ESACH Blog | Description of the initiative by ESACH Editor-in-Chief Giacomo Martinis

My name is Giacomo Martinis, and I am part of the Coordination Committee of the European Students’ Association for Cultural Heritage (ESACH). In this post, you shall find some information on the initiative that gave rise to this series of blog posts, touching upon how the project started and how it works as to give you an idea of how you can participate and more broadly get involved in some of the activities we propose. 

Written by: Giacomo Martinis.

The project is a joint-initiative that started as a result of the partnership between ESACH and the European Heritage Tribune (EHT), carried out under the patronage of Europa Nostra. Our goal is to strengthen collaboration between students and early professionals engaged in the cultural heritage field, providing them with a platform for expression aiming to empower the emerging and diversified perspectives they carry. 

Since October 2020, we organise a series of webinars titled ESACH Talks, which draw together short presentations under topics differing monthly and address the contemporary discourses and practices most relevant to our field of interest: Cultural Heritage.

ESACH Talks!

ESACH is run by committed young volunteers, grouped in different sections that correspond to the diverse initiatives of the association, and the selection of the presentations for the ESACH Talks is made by the respective group in collaboration with the publications team. Prospective presenters upload a 300 words abstract in which they outline the content and slant of their presentation, and the selection is made on the basis of adherence to the monthly topic and originality in approaching the specific topic. 

The event is preceded by fruitful exchanges between the selected presenters and the ESACH Talks team, which helps in outlining the presentations, while, on the day of the webinar itself, this is opened by a key-note speaker with remarkable experience in the overall theme. The following presentations consist in a short slide-accompanied exposition which is eventually coupled with a Q&A session to open up debate opportunities to the public. As a concluding element, participants divide into breakout rooms of smaller size, which provide ground for a more informal conversation between the presenters and the participants on the matter discussed and on similar case-studies, maximising the exchange opportunities on the principles of peer-to-peer learning.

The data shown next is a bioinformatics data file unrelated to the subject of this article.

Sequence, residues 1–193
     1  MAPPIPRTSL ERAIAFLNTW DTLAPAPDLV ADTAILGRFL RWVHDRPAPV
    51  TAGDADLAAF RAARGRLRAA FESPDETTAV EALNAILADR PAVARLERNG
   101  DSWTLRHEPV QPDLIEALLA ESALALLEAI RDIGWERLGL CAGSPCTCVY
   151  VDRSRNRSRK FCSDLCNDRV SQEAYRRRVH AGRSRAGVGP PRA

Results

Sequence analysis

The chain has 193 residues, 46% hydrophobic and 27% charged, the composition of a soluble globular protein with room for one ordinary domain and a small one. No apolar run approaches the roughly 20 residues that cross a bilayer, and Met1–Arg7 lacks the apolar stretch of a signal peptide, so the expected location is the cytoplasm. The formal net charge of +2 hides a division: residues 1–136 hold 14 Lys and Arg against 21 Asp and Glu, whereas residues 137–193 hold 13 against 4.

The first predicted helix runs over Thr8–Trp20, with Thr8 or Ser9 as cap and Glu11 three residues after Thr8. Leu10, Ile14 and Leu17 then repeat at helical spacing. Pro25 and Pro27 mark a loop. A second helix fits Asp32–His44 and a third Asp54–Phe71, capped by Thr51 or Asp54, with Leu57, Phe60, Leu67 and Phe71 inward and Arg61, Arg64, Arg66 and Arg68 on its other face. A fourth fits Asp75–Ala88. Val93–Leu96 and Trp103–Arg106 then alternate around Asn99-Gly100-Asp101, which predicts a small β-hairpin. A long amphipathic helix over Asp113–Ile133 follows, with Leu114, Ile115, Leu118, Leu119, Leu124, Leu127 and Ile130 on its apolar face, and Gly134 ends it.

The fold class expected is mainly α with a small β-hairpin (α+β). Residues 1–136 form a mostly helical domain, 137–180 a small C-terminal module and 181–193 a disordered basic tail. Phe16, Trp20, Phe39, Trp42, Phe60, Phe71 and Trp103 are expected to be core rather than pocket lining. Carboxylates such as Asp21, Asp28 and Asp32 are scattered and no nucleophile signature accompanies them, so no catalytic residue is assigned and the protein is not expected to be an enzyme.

A presentation at ESACH Talks! You can watch the recording of the previous events in our YouTube channel

After the event, the presenters have the opportunity of continuing the experience with the production of an article of the same format that you find on this page. The debate developed during the webinar then incorporates into the matter of the article, and authors further develop their case-study in collaboration with the ESACH editorial board. 

The text submitted then goes through peer-review and is eventually edited by the EHT Editor-in-Chief in the form of a blog post, and shared through the two organisations social media channels to further extend the possibilities of exchange and witness the rich engagement of the emerging generations in the cultural heritage field.

ESACH. For more information, visit

You should now have all the elements to allow you to join us in this project and shall you want to know more about our work, we invite you to have a look at our websites, at the ESACH YouTube channel as at this very page and deep into the colourful approaches to cultural heritage of our members! Particularly, if you would like to submit an abstract for the upcoming ESACH Talks, we encourage you to refer to the events section on our website and stay engaged for future issues that may be relevant to your work and interests. We look forward to hearing your voice!

About the author

Giacomo Martinis is an Architectural History graduate from UCL and a French-Italian trained conservation architect.  He is particularly keen on cultural theories of modernity and how they relate to built heritage preservation conceptions and practices, especially when it comes to intercultural and shared legacies.

This article was originally published in English. Texts in other languages are AI-translated. To change language: go to the main menu above.